Tuesday, June 13, 2006

I Eat to Read

I have been eating in front of ( and sometimes on) books for as long as I can remember. So I guess my fondness for books that revolve around food evolved naturally. I am currently waiting for a crop of new books related to food. I'm not sure that I will read all of them, but they all sound intriguing right now:

Two for the Road: Our Love Affair with American Food by Jane and Michael Stern.
This husband and wife team first caught my attention with their book Sixties People. It described the different stereotypes people fell into during that decade - the 1960's equivalents of jocks and stoners. The pictures were great and I was enamored of the concept for a very beautifully designed book. They also did the Encyclopedia of Bad Taste. But they are best known for their books about road food - no-name joints on America's Blue Highways that serve down home cooking that puts chain restaurants to shame. This new one looks like a memoir that tells of their funny experiences on the road. Jane also wrote a wonderful personal account of her mid-life crisis called Ambulance Girl, so I am sure this new one will be entertaining.

The Omnivore's Dilemma: A Natural History of Four Meals by Michael Pollan. This looks like an updated telling of Much Depends on Dinner - a book that explains where exactly our food comes from. It has all sorts of political implications these days. I am a little worried that this will put me off Chicken McNuggets for my kids forever.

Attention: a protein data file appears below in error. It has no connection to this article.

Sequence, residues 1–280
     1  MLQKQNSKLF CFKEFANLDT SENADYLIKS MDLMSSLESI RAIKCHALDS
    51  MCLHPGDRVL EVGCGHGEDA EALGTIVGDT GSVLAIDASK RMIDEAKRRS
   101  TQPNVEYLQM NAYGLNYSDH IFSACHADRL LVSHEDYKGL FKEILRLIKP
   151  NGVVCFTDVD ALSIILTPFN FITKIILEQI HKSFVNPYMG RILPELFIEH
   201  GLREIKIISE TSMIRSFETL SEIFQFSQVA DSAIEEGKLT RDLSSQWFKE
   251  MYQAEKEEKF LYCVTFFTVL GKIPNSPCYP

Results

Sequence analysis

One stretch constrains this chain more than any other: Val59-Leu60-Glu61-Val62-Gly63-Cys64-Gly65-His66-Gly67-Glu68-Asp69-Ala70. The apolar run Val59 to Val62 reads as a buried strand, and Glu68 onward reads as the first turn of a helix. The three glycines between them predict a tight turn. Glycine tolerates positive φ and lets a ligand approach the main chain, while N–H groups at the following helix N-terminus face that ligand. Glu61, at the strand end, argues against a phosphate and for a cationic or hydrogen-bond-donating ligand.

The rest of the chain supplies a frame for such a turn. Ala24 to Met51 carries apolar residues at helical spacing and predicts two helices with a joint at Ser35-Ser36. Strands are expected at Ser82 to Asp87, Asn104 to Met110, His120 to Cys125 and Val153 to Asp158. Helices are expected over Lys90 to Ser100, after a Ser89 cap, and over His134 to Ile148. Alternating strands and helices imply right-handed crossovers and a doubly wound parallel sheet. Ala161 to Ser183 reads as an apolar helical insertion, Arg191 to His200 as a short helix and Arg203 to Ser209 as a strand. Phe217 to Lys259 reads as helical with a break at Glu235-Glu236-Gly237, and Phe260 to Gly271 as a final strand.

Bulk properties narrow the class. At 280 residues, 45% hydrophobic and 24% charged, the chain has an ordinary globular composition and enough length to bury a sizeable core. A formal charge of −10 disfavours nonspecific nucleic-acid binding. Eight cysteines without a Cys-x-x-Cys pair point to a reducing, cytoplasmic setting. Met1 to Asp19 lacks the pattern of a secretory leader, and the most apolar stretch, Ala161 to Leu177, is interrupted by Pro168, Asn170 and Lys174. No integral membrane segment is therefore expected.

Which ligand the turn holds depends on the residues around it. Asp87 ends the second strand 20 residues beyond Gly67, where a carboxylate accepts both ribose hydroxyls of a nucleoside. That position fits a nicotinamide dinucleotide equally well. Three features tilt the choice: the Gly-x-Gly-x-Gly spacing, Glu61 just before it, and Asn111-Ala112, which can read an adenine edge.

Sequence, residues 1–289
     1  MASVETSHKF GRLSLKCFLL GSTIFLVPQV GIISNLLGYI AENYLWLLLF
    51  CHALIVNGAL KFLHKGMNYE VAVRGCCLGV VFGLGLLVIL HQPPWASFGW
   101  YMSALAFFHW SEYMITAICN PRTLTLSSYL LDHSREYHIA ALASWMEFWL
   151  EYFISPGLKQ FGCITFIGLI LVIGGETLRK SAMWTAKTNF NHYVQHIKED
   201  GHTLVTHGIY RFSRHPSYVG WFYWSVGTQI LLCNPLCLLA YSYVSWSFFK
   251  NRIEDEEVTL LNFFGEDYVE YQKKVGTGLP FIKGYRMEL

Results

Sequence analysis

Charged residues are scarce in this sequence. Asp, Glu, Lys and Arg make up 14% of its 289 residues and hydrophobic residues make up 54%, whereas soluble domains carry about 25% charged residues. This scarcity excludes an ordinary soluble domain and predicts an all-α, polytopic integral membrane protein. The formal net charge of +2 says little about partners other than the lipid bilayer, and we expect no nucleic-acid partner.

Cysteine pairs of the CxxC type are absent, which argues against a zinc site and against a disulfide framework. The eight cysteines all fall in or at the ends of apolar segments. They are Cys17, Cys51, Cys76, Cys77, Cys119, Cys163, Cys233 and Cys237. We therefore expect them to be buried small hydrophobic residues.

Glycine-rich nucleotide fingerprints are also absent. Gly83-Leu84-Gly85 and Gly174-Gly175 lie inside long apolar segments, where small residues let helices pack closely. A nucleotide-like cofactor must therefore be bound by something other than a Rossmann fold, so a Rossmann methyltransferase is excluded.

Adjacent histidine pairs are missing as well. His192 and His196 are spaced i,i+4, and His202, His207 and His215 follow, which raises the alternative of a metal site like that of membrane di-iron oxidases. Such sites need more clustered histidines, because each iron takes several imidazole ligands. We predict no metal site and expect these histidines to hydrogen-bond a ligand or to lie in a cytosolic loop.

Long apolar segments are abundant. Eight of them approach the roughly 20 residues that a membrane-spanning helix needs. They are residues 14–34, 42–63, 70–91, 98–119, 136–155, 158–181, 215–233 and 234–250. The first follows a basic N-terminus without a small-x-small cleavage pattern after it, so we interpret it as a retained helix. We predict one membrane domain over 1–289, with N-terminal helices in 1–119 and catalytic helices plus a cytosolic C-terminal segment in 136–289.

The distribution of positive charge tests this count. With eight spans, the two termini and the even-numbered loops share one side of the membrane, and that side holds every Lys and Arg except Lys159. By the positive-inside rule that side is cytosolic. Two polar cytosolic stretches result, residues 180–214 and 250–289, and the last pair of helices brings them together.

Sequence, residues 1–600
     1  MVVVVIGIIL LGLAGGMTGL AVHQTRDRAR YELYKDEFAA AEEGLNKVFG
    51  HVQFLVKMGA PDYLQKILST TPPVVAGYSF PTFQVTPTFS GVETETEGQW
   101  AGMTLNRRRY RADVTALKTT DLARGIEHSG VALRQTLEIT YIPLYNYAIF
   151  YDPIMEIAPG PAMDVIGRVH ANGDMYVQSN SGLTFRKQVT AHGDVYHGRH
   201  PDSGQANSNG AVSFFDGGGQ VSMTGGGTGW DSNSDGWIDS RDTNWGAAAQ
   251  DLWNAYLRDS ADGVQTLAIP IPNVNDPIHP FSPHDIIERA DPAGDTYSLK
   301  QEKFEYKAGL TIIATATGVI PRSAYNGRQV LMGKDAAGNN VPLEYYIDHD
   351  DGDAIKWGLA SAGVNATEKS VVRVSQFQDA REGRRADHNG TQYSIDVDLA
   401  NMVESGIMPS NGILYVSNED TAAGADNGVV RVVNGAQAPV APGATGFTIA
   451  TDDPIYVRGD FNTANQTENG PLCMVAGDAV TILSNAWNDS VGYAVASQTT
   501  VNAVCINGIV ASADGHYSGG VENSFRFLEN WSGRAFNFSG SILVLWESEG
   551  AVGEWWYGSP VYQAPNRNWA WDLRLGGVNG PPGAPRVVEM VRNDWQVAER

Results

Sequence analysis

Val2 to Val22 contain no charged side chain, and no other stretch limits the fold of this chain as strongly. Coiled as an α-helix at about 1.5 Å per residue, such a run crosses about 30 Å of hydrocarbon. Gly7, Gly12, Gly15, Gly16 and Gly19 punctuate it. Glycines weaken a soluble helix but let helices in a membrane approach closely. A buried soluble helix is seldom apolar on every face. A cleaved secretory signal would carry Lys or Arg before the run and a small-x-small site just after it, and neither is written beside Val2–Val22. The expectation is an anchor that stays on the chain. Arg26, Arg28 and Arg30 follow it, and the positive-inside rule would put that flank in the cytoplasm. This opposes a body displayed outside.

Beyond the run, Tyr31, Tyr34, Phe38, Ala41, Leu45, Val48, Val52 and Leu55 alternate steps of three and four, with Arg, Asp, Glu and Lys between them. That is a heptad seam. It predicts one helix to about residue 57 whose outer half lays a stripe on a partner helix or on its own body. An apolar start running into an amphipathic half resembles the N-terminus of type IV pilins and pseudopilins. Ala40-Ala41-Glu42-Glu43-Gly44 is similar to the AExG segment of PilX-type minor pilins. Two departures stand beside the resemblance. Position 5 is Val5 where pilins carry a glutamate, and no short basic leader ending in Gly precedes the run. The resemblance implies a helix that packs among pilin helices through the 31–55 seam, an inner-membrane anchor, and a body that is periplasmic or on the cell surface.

I caught the tail end of the Diane Rehm Show on NPR, and her interview with Molly O'Neill, a former food columnist for the New York Times magazine and author of three cookbooks. O'Neill has written a memoir called Mostly True: A Memoir of Family, Food, and Baseball, about her family, which includes former New York Yankees outfielder Paul O'Neill. Her family sounds larger than life. This story just seems to capture many elements of the best of American culture. O'Neill sounded pretty grounded and interesting on the radio. One caller asked whether it is dangerous to invest so much emotion and meaning into food, and isn't that contributing to the epidemic of obesity today. O'Neill basically agreed with the caller and said that she and her brothers have to exercise now like crazy to eat the way they like to eat. I love that candor!

One more - Eat Pray Love by Elizabeth Gilbert. I also heard this writer on NPR and was a little put off by the author using food to mend her broken heart. But then I read what Bookslut had to say and decided to see what the fuss is about. Bookslut is an irreverent blog about all things literary. The Bookslut has very strong opinions on books. So if she is passionately defending it, it is worth a look.


Blogger Jennifer said...

I'll check some of these out. I love books/food/cookbooks etc. Have you read Diane Mott Davidson's mysteries? She's not all that literary, but they are a good quick read and she's a caterer so she obsesses about food and even shares some recipes.

8:14 AM  
Anonymous nanette said...

I was wary of Eat, Pray, Love as well, but I ended up reading it and enjoying it (also because of Jessa from Bookslut, though I do not always find her recommendations flawless--I've read books that she loves that I think are absolute crap).

The "Eat" section was actually my least favorite and took me the longest to get through.

I also have Two for the Road and The Omnivore's Dilemma on my hold list. I love food books.

4:35 PM  

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